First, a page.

Definitions

# airglow

[air-gloh]
airglow, faint diffuse illumination of the night sky originating in the upper atmosphere. The energy in the form of visible light is derived from the sun's ultraviolet light, which ionizes atoms and dissociates molecules at heights between 40 and 200 mi (64-322 km) above the earth's surface. When the fragments collide and recombine, some atoms and molecules are left with excess energy, which they release as light at characteristic wavelengths. Most prominent in the visible spectrum are the red and green light of oxygen and the yellow light of sodium. In southern and northern polar regions the airglow is often masked by the aurora (see aurora borealis). Airglow hampers optical telescopic observations on earth by reducing the apparent contrast between stars and space.

The airglow is the very weak emission of light by the Earth's atmosphere; as a result, the night sky is never completely dark. It was first noticed in 1868 by Anders Ångström. It is caused by various processes in the upper atmosphere, such as the recombination of ions which were photoionised by the sun during the day, luminescence caused by cosmic rays striking the upper atmosphere, and chemiluminescence caused mainly by oxygen and nitrogen reacting with hydroxyl ions at heights of a few hundred kilometres. It is not noticeable during the daytime because of the scattered light from the Sun.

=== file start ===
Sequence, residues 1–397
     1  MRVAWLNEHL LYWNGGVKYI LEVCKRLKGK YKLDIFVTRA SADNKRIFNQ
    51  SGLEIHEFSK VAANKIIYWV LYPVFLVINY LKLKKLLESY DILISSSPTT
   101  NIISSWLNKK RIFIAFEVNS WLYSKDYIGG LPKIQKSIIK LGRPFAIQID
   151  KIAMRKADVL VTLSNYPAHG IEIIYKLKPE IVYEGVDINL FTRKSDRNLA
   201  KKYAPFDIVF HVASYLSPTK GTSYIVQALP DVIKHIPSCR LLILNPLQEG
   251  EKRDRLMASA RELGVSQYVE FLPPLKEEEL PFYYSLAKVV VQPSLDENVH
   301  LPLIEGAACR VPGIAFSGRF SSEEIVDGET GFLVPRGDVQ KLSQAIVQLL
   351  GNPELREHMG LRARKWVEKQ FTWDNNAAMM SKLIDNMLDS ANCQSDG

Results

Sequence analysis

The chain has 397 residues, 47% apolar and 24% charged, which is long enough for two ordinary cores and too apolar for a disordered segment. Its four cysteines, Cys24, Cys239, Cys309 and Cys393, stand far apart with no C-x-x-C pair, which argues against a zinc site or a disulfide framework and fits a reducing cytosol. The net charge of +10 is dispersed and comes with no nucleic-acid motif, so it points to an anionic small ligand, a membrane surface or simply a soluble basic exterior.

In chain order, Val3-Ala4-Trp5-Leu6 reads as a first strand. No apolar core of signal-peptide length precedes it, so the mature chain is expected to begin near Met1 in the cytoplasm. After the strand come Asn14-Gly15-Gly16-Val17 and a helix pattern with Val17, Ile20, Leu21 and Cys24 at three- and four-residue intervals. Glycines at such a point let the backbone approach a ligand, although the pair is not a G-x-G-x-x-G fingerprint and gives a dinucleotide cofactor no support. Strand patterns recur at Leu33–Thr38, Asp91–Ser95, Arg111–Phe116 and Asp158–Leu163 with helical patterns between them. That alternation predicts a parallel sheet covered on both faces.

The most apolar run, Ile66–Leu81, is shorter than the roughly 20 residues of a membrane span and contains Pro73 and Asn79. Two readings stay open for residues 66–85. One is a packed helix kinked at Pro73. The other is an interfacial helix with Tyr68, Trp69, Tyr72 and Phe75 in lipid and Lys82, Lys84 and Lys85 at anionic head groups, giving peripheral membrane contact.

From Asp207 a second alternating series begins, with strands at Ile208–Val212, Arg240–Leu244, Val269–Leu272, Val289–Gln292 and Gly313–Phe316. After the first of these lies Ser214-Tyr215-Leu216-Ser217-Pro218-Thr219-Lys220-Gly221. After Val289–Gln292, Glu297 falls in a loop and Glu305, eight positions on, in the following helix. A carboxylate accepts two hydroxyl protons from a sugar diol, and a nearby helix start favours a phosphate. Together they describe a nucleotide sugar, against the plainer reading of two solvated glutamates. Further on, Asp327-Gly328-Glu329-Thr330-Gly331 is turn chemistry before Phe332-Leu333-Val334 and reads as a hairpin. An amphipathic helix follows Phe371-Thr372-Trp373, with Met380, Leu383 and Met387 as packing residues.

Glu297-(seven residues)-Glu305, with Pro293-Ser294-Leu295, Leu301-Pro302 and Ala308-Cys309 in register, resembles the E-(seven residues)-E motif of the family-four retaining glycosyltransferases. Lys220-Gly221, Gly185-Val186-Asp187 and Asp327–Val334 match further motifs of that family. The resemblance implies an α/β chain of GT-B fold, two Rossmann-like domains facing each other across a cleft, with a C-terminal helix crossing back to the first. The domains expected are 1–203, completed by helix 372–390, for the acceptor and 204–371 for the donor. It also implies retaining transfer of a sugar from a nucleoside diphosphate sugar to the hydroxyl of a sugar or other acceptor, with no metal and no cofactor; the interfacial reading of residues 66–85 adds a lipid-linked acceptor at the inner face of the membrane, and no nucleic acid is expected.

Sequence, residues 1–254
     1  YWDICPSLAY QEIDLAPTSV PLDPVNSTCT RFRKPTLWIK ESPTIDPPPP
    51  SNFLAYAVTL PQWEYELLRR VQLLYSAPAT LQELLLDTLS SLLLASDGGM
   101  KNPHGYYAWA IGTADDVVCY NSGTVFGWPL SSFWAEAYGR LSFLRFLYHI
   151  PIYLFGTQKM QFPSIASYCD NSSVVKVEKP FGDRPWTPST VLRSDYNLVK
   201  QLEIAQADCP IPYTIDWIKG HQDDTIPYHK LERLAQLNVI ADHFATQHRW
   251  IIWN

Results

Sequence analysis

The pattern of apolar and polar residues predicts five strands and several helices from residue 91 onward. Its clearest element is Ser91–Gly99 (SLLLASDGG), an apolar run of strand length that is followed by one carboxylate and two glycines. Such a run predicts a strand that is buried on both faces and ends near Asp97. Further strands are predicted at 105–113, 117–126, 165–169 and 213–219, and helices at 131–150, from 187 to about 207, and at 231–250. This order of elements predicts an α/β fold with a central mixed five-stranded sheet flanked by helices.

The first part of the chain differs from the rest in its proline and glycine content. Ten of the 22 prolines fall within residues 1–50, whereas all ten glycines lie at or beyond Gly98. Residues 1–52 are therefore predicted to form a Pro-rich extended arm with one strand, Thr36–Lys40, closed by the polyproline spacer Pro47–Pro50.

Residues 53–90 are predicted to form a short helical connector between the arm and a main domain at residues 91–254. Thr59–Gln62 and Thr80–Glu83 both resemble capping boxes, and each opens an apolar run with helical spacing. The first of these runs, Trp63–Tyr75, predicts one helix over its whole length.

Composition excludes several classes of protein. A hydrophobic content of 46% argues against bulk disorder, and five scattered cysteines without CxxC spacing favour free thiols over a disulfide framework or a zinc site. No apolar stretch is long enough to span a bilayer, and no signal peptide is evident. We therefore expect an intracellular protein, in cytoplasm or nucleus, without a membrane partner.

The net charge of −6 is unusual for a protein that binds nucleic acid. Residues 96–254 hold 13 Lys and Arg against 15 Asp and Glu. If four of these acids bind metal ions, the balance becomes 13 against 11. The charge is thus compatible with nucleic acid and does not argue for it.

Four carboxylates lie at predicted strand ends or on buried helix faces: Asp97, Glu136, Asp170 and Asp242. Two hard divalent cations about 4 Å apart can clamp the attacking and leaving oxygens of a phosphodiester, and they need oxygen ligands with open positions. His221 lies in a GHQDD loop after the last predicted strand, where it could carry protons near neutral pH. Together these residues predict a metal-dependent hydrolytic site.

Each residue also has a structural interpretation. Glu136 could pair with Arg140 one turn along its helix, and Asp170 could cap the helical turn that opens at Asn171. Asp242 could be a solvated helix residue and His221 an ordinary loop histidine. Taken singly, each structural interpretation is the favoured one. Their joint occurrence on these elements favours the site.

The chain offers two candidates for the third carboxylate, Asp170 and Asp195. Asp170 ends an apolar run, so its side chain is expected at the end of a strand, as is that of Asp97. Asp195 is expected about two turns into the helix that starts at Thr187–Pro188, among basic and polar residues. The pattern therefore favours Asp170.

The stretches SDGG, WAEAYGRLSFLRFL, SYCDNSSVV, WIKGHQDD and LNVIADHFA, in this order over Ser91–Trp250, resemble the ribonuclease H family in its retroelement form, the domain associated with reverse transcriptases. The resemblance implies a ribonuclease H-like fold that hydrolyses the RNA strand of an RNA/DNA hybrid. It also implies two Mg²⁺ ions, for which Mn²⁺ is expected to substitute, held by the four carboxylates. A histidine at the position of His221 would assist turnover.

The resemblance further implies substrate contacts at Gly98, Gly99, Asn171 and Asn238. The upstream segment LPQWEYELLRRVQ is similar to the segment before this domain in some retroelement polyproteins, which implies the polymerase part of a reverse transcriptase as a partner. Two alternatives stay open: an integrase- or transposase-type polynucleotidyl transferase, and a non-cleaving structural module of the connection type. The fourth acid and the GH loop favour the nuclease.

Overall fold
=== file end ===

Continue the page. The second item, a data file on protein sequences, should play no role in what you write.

Even at the best ground-based observatories, airglow limits the sensitivity of telescopes at visible wavelengths. Partly for this reason, space-based telescopes such as the Hubble Space Telescope can observe much fainter objects than current ground-based telescopes at visible wavelengths.

The airglow at night may be bright enough to be noticed by an observer, and is generally bluish in color. Although airglow emission is fairly uniform across the atmosphere, to an observer on the ground it appears brightest at about 10 degrees above the horizon, because the lower one looks the greater the depth of atmosphere one is looking through. Very low down, however, atmospheric extinction reduces the apparent brightness of the airglow.

One mechanism that produces airglow occurs when an atom of nitrogen combines with an atom of oxygen to form a molecule of nitric oxide (NO). In the process a photon is emitted. This photon may have any of several different wavelengths characteristic of nitric oxide molecules. The free atoms are available for this process because molecules of nitrogen (N2) and oxygen (O2) are dissociated by solar energy in the upper reaches of the atmosphere, and may encounter each other to form NO. Other species that can create air glow in the atmosphere are OH, OI and NaI.

The sky brightness is typically quoted in units of astronomical magnitudes per square arcsecond of sky.

## How to calculate the effects of airglow